Byline: Tom Ramstack, THE WASHINGTON TIMES
Washington's office real estate market is predicted to do well for the next year in a new industry report ... but for the most dubious of reasons
As the nation's economy falters, more people are hiring lawyers to protect their homes from foreclosure or their businesses from bankruptcy.
For the office market, more lawyers means more law firms are leasing offices.
Washington has more lawyers as a percentage of the population than nearly anywhere else in the world. More than 30,000 are practicing law in the District.
Looking ahead, demand for legal services is likely to rise over the next year, in part due to the financial crisis, said the market report from the real estate services firm Jones Lang LaSalle. The tumult in the markets has led many firms to position themselves to leverage their litigation, bankruptcy and restructuring practices, and, on the lobbying front, companies across the U.S. are recognizing the need for more government relations support.
The upbeat outlook for Washington's office market stands in sharp contrast to most other cities.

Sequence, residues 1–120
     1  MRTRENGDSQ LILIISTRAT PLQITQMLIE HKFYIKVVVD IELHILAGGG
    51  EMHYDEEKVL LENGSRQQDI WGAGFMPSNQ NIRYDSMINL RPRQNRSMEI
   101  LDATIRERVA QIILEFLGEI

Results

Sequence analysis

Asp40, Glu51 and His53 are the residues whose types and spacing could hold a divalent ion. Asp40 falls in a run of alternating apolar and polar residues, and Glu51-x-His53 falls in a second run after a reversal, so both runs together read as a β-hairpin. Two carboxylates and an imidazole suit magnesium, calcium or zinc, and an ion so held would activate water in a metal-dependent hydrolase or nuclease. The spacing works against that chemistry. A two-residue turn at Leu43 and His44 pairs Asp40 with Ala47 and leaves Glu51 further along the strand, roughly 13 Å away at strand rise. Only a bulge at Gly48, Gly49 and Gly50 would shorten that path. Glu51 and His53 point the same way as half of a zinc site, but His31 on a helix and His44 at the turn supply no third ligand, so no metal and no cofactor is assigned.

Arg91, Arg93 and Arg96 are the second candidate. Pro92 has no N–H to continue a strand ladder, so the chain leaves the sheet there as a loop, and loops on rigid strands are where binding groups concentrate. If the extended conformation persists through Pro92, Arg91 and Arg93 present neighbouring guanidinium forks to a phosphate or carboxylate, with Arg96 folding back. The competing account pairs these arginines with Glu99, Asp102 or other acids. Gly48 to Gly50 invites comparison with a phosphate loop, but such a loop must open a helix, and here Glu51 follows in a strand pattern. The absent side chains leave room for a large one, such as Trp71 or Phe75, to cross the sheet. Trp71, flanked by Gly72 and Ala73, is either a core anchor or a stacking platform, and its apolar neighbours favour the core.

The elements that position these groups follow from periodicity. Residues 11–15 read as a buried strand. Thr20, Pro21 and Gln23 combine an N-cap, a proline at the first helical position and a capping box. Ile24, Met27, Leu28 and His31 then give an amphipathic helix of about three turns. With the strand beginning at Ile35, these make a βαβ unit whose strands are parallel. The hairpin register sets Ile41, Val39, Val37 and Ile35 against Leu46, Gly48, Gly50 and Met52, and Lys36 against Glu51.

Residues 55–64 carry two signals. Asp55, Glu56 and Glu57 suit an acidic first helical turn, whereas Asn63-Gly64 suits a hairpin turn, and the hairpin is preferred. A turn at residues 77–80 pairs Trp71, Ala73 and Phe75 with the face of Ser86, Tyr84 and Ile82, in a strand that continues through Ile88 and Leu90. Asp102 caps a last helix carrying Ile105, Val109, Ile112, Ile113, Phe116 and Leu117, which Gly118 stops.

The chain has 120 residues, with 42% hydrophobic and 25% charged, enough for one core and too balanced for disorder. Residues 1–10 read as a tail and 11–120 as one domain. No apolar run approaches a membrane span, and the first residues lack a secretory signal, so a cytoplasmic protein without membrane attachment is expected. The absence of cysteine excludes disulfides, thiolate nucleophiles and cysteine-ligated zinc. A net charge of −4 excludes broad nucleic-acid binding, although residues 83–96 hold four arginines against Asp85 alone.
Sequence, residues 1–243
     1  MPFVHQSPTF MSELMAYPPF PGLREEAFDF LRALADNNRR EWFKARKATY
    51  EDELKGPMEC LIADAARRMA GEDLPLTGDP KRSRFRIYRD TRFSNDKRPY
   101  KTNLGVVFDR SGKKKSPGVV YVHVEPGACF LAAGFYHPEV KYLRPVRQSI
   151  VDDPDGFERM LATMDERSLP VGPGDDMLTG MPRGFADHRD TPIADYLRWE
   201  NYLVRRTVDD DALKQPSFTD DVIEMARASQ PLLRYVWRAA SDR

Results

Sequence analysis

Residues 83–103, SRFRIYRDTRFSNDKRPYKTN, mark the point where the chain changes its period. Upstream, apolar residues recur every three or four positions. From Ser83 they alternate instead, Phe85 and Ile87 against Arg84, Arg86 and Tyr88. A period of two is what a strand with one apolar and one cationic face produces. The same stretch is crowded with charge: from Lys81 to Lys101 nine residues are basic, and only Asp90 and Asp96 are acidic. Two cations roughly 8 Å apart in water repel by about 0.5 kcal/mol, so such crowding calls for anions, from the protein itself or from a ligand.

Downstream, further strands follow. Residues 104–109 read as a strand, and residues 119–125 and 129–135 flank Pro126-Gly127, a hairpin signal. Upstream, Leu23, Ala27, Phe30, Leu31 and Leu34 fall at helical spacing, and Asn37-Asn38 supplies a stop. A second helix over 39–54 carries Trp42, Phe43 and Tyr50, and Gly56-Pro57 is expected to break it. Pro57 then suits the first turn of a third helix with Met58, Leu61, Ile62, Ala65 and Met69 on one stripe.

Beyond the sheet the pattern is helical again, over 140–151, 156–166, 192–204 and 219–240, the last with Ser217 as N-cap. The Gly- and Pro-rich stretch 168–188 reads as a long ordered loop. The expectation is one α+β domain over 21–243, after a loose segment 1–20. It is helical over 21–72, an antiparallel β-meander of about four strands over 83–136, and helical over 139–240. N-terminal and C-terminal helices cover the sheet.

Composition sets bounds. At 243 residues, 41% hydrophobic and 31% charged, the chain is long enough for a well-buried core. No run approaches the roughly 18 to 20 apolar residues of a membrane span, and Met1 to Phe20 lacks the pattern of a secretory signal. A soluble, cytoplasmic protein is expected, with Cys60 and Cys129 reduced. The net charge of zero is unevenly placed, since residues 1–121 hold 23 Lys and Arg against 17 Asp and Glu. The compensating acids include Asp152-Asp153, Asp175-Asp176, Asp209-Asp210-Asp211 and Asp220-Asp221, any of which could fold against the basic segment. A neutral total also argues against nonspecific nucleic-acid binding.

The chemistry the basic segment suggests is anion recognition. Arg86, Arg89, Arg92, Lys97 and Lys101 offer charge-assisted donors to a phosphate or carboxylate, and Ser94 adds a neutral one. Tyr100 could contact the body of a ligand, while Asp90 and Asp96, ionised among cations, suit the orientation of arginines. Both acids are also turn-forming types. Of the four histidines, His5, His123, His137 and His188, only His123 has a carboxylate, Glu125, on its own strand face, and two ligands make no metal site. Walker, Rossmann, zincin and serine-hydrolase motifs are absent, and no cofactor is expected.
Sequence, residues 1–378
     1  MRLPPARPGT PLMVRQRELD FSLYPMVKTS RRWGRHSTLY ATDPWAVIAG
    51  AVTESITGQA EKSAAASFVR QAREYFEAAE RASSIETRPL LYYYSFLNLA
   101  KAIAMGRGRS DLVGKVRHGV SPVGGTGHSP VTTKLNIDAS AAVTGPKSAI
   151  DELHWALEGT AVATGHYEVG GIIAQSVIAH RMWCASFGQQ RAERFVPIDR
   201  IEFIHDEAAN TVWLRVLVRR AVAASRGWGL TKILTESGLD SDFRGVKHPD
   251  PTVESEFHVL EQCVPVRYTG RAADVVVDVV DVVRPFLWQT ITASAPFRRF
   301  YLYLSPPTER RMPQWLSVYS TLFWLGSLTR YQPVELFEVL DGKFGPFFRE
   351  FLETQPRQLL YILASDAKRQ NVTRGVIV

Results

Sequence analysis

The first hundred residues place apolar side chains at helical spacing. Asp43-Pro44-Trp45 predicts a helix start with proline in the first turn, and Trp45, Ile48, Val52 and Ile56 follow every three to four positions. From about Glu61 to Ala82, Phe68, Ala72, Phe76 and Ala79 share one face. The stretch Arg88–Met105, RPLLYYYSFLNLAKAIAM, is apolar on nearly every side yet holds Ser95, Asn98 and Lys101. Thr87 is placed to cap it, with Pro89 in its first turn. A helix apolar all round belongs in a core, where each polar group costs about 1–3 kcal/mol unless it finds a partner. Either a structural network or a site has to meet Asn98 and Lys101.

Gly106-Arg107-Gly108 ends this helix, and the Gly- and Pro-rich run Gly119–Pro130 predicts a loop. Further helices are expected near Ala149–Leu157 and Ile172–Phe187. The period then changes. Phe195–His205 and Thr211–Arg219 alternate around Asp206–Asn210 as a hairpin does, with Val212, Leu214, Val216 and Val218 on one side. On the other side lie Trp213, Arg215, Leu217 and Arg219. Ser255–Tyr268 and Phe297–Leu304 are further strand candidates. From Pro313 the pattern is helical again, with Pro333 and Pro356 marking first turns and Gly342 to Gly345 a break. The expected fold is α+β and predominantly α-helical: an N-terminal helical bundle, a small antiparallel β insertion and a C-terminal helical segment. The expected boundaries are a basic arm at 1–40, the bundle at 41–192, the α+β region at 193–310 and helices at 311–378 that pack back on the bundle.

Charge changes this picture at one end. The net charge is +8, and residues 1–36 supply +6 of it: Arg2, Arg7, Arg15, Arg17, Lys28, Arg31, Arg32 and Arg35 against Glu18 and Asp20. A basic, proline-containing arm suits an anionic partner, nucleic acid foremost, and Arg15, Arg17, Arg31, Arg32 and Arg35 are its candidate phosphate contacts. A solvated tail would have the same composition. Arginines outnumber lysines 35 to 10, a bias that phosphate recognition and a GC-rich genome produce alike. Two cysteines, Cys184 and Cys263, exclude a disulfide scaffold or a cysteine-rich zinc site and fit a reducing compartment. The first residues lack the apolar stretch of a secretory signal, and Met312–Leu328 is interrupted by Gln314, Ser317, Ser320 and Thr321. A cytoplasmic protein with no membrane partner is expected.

Real estate markets for Las Vegas and Phoenix will get blown out in 2009, according to a report last week from the financial consulting firm PricewaterhouseCoopers. Florida markets are in disarray, and Midwestern cities continue to lose more ground.
The cyclical real estate markets always come back, and they will this time too, but not any time soon, said PricewaterhouseCoopers partner Tim Conlon. Commercial real estate was the last to leave the party, will feel the pain in 2009 and may be the last to recover.
Meanwhile, back in Washington, law firms have nearly filled up the central business district, forcing them to build or lease offices in other parts of town. …